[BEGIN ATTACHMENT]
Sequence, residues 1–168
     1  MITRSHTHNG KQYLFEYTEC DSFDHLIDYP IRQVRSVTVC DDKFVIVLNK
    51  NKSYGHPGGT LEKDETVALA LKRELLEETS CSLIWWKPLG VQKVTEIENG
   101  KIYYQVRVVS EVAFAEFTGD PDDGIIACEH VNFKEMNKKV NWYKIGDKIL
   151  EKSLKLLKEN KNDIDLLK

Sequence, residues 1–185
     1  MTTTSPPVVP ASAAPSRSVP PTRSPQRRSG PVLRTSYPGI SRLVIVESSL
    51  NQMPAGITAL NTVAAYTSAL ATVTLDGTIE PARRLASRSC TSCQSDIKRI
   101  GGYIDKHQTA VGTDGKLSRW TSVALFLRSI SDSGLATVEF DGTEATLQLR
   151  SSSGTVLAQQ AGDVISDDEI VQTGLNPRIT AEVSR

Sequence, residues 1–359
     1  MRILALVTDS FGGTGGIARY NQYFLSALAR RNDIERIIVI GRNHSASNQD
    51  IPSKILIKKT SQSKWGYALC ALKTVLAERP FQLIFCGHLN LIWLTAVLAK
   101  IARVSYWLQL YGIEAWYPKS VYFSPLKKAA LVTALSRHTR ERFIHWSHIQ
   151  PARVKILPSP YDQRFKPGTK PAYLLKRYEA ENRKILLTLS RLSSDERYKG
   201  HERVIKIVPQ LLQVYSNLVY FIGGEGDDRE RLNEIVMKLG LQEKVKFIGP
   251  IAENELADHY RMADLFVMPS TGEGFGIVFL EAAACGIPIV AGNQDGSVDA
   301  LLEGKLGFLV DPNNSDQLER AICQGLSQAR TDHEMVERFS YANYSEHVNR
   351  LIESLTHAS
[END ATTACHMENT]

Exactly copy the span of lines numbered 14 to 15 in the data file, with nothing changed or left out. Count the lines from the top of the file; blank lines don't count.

   101  IARVSYWLQL YGIEAWYPKS VYFSPLKKAA LVTALSRHTR ERFIHWSHIQ
   151  PARVKILPSP YDQRFKPGTK PAYLLKRYEA ENRKILLTLS RLSSDERYKG